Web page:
COURTHOUSE – The Agriculture Advisory Commission will consider whether activities such as craft beer or wine sales or assembly uses, such as holding weddings, are appropriate on farmland, including properties enrolled in the city’s agricultural reserve program, or ARP.
There are constraints on activities within the ARP, a farmland preservation program that buys development rights to help keep land productive for agricultural purposes. The body may consider whether to make a policy recommendation to city officials, potentially because activities such as weddings can compliment agritourism.
Two local businesses recently asked the Virginia Beach Agriculture Advisory Commission to consider activities that are not allowed on their properties.
In one case, a farm market in Pungo wants to sell local beer and wine for off-premises consumption. In another, a local farming family wants to be able consider the opportunity to hold events such as weddings on agricultural land within the ARP.
Virginia Beach Agriculture Director David Trimmer said during an interview that the commission would likely revisit the matter during its next meeting in October. There may be discussion of considering updates to ordinances to allow for consistency between land in the ARP and agricultural land that is not in the program.
“I want it to be consistent, and I think the committee wants it to be consistent,” Trimmer said. “You don’t want to create barriers between either one. What’s good for one should be good for the other.”
The advisory commission heard information from the respective farms during its most recent meeting. Kevin Jamison of the Commune restaurants in Virginia Beach and Norfolk and a co-owner of New Earth Farm in Pungo spoke to the commission on Monday, July 10.
“We built a sizable market for the farm with the idea in mind that we would be able to sell any variety of locally produced products,” he said. At one point, New Earth considered building a brewery before deciding against it.
Jamison said New Earth wants to sell Virginia beer and wine for off-premises consumption as part of its efforts to promote local agriculture. “That’s been our goal since day one, and we know we’ve done a really good job at it,” he said. “So we did want to include beer and wine sales – Virginia produced beer and wine sales – at the farm.”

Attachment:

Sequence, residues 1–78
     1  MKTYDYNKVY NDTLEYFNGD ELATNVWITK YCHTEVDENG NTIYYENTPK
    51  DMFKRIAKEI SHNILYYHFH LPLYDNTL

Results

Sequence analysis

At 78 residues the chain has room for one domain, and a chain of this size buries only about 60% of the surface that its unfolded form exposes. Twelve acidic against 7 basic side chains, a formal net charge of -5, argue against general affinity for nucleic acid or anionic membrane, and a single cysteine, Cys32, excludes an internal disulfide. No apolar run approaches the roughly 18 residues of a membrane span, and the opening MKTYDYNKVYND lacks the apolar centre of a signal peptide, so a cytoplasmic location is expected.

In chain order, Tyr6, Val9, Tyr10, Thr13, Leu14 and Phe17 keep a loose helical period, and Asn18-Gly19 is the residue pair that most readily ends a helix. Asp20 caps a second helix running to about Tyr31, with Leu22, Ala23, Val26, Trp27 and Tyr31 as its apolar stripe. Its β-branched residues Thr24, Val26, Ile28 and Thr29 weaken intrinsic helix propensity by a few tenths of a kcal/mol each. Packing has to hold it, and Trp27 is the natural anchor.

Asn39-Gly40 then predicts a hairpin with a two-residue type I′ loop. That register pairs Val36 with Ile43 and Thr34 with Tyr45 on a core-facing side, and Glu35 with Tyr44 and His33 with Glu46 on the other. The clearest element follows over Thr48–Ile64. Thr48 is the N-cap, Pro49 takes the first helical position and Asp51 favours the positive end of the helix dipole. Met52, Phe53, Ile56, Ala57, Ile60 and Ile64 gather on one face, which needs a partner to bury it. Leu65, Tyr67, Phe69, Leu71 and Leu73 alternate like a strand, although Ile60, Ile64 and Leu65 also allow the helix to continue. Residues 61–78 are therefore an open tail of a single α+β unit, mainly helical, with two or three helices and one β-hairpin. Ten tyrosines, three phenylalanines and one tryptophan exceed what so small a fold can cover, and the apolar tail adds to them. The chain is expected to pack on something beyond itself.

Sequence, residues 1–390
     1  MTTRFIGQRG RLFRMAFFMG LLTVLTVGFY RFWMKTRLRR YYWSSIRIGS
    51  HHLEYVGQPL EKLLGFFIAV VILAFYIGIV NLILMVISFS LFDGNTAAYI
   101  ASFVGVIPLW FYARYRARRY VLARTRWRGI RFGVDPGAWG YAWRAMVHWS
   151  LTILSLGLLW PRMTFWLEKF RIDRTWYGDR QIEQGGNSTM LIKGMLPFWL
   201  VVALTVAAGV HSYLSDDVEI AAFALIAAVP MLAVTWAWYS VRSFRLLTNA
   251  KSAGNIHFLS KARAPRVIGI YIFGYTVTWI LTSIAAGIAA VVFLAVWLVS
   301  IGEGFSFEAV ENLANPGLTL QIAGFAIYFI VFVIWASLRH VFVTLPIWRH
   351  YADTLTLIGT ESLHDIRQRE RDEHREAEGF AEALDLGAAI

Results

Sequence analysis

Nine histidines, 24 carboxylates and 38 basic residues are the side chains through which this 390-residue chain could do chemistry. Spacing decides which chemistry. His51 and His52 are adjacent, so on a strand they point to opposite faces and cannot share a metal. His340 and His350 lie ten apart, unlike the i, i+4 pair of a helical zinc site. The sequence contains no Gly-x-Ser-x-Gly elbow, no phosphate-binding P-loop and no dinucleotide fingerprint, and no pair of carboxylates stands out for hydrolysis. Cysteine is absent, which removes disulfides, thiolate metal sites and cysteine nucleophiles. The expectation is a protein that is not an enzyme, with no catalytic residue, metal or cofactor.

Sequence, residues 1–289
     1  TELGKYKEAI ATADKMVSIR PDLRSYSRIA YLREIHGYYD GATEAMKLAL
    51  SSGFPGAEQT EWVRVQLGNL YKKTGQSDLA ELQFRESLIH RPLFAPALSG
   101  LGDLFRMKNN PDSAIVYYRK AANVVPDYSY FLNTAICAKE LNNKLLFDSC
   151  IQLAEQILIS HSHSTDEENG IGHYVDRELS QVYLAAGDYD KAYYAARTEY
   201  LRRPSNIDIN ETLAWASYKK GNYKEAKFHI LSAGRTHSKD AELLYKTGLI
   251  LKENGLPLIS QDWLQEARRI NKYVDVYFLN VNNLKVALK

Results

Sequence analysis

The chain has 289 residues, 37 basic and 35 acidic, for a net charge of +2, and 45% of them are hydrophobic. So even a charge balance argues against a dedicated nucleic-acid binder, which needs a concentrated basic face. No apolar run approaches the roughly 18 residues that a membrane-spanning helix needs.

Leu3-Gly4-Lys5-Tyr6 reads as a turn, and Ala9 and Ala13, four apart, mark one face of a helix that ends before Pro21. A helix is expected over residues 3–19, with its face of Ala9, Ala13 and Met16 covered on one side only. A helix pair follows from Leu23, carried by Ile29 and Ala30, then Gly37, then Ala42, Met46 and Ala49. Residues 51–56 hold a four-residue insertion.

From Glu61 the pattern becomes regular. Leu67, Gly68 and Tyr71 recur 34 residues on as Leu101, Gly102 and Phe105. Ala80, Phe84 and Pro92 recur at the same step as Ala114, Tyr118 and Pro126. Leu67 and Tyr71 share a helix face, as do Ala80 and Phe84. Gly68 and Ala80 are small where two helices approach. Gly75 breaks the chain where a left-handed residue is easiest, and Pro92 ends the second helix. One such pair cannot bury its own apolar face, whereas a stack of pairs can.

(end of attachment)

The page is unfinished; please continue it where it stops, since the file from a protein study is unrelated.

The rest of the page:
Jamison said New Earth applied for an ABC license, but was rejected. Its market sells agricultural and related products, considered an “agritourism” use, according to a zoning determination letter from November that found sales of beer, wine and spirits do not count.
“It is my determination that alcoholic beverages (beer, wine and spirits) are not an agricultural or agricultural-related product based on the definition in section 401 of the city zoning ordinance,” Kevin Kemp, the city’s zoning administrator, wrote on Nov. 16.
Also during the July meeting, Mike Cullipher of Cullipher Farm suggested allowing expanded activities on ARP property, not having “dual standards” between ARP and agriculturally-zoned land outside the program. He said other agricultural properties that are not within the ARP have been able to secure conditional use permits for assemblies.
“Like most folks, we’re trying to attract more people not only to our farm but to the area in general,” Cullipher said.
Allowing weddings and assemblies on land within the ARP would help, he said. Such things might be governed by a conditional use permit, and issues such as parking, access and traffic could be part of determintions.
Don Horsley, a Blackwater farmer and a member of the Virginia Beach Planning Commission, said such requests possibly could be considered as part of an update to the ARP ordinance.
“In 1995, when we put ARP into effect, we weren’t trying to tie people’s hands,” he said. “We were trying to preserve a lifelong industry in the city of Virginia Beach. I think that’s still the ultimate goal of the agricultural reserve program. And I can see we might need to make some tweaks in our ordinance.”
Billy Vaughan, a member of the advisory commission, noted that family farms need to diversify to remain viable.
City Councilmember Barbara Henley, who represents the Princess Anne District, said she would abstain from decisions about the uses because her family farm is in the ARP. In an interview, she said the ARP ordinance would need to be modified if such things were to be allowed. “I think the right thing is for me not to participate,” she said.
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